Getting started with analytics

As with any new technology project, it’s typically best to start small, even if your organization has big analytics dreams. Your project lead should have a good understanding of what data sources are available and how applying analytics will be beneficial to each data set. Picking a process with a lot of manual work, such as journals testing, is an ideal starting point because it’s easier to show a good return on investment and highlight the benefits analytics delivers. 

Once your organization has completed its first analytics project, it should evaluate the results to determine how effective the solution was. Did it deliver accurate results? Did it save time? Are there areas for improvement? If staff determine the project was a success, they can add analytics to other processes and consider automating some procedures.

Having some training is important to the success of any analytics project. Accounting and audit staff should take some basic analytics courses if they haven’t already. Courses are available from a wide range of institutions, as well as from accounting organizations such as the American Institute of Certified Public Accountants, the Institute of Internal Auditors and CPA Canada. 

Staff should be trained on the basics of how to use analytics in accounting and auditing, as well as receiving instruction on the specific analytics tools they will be using. For instance, Caseware and its partners offer training on its Caseware IDEA analytics platform for both new and experienced users. 

A new era in accounting and audit

The accounting and auditing industries are transforming. Manual processes and spreadsheets aren’t able to take advantage of all the valuable data that’s now available. To deliver better forecasts, conduct more thorough audits and provide meaningful advice to clients and senior executives, accountants and auditors need to turn to analytics solutions capable of examining data in real time.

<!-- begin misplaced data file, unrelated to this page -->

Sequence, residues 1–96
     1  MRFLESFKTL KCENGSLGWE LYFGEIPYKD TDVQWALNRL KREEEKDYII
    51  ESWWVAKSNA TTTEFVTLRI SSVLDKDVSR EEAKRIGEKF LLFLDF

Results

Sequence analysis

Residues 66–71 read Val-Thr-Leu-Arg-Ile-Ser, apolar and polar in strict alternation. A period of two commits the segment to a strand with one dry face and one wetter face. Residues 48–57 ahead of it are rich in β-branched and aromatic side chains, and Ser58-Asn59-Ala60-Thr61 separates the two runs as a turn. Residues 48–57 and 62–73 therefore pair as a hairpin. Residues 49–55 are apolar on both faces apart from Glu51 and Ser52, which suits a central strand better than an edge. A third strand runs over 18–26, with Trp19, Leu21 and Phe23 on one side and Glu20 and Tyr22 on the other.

Having access to real-time information allows you to provide a complete, up-to-date picture of an organization’s financial health. And if an anomaly is detected, it can be flagged for resolution immediately. Real-time information also allows you to offer more insightful advice to clients and executives, boosting client loyalty and raising your department’s profile.

Switching from spreadsheets and manual processes to analytics solutions and automated artificial intelligence-based scripts won’t happen overnight. It requires an investment in time and resources to build a thorough data plan, train staff in analytics and implement and test the analytics systems. But the payoff can be enormous, giving accounting firms an advantage over their competitors and transforming corporate accounting teams into trusted advisors. 

Discover how analytics can help transform you into a trusted advisor to your clients by downloading our white paper, Your Guide to Using Analytics Software in Audit and Accounting.

Mike Martin
Content Marketing Writer
Mike Martin is a former IT magazine editor with extensive experience researching and writing about enterprise technologies. At Caseware, Mike reports on today’s top issues affecting auditors and accountants and how advanced technologies are helping them drive better results.